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Gov. J. P. St. John is
now making himself heard in his temperance speeches in favor of
woman suffrage. The recent passage of the Prohibitory Amendment
is significant that our people are awake and ready to welcome the
greatest good to the greatest number, which means equal rights to
all at an early day.

R. S. TENNEY.


MARCH 14, 1882.

DEAR FRIENDS:--God bless the women that worked for woman's
suffrage in Kansas! Foremost among those who were residents of
the State was Mrs. C. I. H. Nichols, of Wyandotte, and to her,
more than all other Kansas women, was due the influence which
gave woman even the small recognition in the constitution under
which the State was admitted, above what is found in other State
constitutions of the nation; for this Mrs. Nichols labored with
the zeal and heroism born of a great noble heart, whose every
pulsation is for humanity in the elevation of woman to her proper
political as well as social position. It was largely through her
instrumentality that such God-ordained women as Elizabeth Cady
Stanton, Susan B. Anthony, Lucy Stone, and Olympia Brown, came to
Kansas as eloquent missionaries in the great work of attempting
to give the women of this State the legal right to vote with
their husbands, sons and brothers. And though, through the
opposition of unwise and prejudiced men, the desired majority for
woman's suffrage was not then obtained; the seed sown by these
self-sacrificing angels of humanity will yet bring forth most
glorious results. The efforts of the Hutchinson troupe of sweet
singers in this direction will not be forgotten. John, the
patriarch, with his bright son Henry and beautiful daughter
Viola, made a musical trio whose soul-stirring songs were only
excelled in purity of thought and delightful harmony of
execution, by their intense, whole-hearted desire that the cause
for which they prayed and sang with so much earnestness might be
crowned with success. Mr. Henry B. Blackwell, Lucy Stone's
husband, was indefatigable in his efforts, working early and late
for the good cause. Of the women of the State of Kansas who were
active, a large number of names might be given.[88] But Kansas
best remembers and most honors in the remembrance, those women
who left their comfortable and elegant homes on the Atlantic
slope, and with no hope of reward save the consciousness of
having worked for God and humanity, traveled over the then wild
prairies of Kansas in all sorts of rude vehicles, talking in
groves, school-houses, and cabins, eating and sleeping as
pioneers sleep and eat, for weeks and months, making the
beautiful rolling prairies, filled with fertile valleys and
flowery knolls, vocal with their eloquent, earnest appeals in
behalf of woman's rights and against woman's wrongs; and through
the vote carried for woman's wrongs the fervid, eloquent words
then uttered by woman's tongue, welling up as they did from noble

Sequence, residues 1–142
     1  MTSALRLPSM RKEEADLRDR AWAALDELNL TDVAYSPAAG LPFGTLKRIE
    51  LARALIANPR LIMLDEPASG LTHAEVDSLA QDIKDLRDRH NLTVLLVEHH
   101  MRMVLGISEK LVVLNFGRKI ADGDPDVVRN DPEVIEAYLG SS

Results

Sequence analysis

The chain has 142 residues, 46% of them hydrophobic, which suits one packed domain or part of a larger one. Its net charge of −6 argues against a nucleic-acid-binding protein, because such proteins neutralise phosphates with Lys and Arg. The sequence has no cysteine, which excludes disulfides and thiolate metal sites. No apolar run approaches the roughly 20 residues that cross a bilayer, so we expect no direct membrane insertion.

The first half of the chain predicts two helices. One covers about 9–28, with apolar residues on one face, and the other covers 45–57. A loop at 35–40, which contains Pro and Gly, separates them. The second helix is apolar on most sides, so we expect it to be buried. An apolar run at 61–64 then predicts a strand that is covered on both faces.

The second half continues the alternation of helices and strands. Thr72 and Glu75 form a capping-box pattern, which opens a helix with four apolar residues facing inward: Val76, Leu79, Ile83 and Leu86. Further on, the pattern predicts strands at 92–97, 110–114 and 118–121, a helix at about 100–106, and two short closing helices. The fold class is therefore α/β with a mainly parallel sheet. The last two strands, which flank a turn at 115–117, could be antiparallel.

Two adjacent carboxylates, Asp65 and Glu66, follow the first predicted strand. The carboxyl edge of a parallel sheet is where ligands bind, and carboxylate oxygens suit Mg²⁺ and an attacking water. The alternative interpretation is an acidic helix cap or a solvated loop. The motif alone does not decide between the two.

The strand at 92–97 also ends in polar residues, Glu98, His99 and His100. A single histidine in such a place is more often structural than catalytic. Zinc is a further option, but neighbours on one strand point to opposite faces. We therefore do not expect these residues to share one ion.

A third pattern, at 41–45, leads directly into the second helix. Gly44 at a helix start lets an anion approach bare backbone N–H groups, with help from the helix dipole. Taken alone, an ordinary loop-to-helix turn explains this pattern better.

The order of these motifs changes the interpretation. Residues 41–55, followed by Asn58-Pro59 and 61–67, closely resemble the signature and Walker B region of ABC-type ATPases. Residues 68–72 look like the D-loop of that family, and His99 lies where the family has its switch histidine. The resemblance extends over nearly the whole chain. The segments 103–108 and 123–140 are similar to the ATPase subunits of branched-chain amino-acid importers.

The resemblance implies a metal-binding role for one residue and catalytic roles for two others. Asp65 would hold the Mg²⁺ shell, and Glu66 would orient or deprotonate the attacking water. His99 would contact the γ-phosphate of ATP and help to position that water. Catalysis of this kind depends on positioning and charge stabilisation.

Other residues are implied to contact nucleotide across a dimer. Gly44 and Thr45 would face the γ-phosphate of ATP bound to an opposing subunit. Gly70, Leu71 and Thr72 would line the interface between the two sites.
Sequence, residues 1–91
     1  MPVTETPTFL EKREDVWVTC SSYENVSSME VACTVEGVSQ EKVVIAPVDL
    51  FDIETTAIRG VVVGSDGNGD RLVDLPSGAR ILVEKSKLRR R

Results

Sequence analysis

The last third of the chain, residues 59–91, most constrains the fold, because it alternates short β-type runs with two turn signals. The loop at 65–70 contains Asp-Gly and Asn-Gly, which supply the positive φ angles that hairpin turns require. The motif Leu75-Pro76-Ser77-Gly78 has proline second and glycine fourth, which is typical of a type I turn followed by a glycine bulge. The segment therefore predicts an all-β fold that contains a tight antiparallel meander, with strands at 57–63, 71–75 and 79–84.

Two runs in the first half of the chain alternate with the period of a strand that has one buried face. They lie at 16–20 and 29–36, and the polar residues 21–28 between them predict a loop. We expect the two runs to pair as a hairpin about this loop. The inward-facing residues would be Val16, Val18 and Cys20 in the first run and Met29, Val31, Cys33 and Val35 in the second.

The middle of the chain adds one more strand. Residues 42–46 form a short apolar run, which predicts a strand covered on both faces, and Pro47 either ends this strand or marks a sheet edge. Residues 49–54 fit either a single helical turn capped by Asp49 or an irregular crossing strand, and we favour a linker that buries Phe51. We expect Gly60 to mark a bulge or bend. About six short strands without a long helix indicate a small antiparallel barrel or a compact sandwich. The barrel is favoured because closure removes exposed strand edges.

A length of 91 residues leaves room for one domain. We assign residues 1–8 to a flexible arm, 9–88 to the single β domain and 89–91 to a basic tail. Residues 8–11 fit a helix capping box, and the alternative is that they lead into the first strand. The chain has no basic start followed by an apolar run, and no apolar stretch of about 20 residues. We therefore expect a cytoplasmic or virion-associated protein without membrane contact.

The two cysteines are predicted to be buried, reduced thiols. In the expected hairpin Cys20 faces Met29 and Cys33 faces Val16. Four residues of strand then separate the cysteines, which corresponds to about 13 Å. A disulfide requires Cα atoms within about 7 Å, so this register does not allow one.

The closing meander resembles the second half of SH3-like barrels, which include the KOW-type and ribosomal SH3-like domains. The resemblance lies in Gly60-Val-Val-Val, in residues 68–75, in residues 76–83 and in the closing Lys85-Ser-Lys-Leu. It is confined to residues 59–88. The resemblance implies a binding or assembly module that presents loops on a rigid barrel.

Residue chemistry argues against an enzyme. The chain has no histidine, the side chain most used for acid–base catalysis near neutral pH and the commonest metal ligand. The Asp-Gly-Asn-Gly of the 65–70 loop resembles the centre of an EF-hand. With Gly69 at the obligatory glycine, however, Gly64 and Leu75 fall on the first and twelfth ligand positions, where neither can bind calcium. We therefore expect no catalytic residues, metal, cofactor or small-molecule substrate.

hearts heated to redness in the furnace of love for human
justice, left an influence which has steadily and surely
increased, and will thus continue until Kansas shall give woman
equal rights and privileges with man.

Sincerely yours, J. P. ROOT.


RACINE, WISCONSIN, _March 16, 1882_.

DEAR SUSAN:--You ask me to write an account of my experiences in
Kansas; with unquestioning obedience I attempt what you require,
although many records and documents are wanting which should have
been kept, had I anticipated your command. But when in Kansas, I
no more thought of appearing in history, than the butterfly
flitting from flower to flower thinks of being dried and put in a
museum.

I have never kept a diary, have never counted the number of miles
I have traveled, the meals eaten, calls made, pages written, or
words spoken. I have tried to do the pressing duty of each hour,
leaving the results and records to take care of themselves. You
will not, therefore, be surprised that I am unable to furnish
even the "round unvarnished tale," but must be content with
glimpses as memory, after the lapse of fourteen years, supplies
them.

I am glad to have an opportunity, through your valuable history,
of paying my respects to the good people whom I met in Kansas,
few of whom I shall ever see again in this life, but whose
earnest words go with me every day, a constant source of
encouragement and of strength. It would be but justice to record
the names of all those who gave generous aid and sympathy in the
woman suffrage campaign of '67; brave pioneers they were, who had
learned loyalty to principle through many bitter experiences;
some of them had been friends and companions of brave old John
Brown, and, trained in the great Anti-Slavery struggle, filled
with the love of liberty, they knew how to stand for the right.
But their names are recorded on high in letters of living light,
and they little need our poor faltering testimony. "Their reward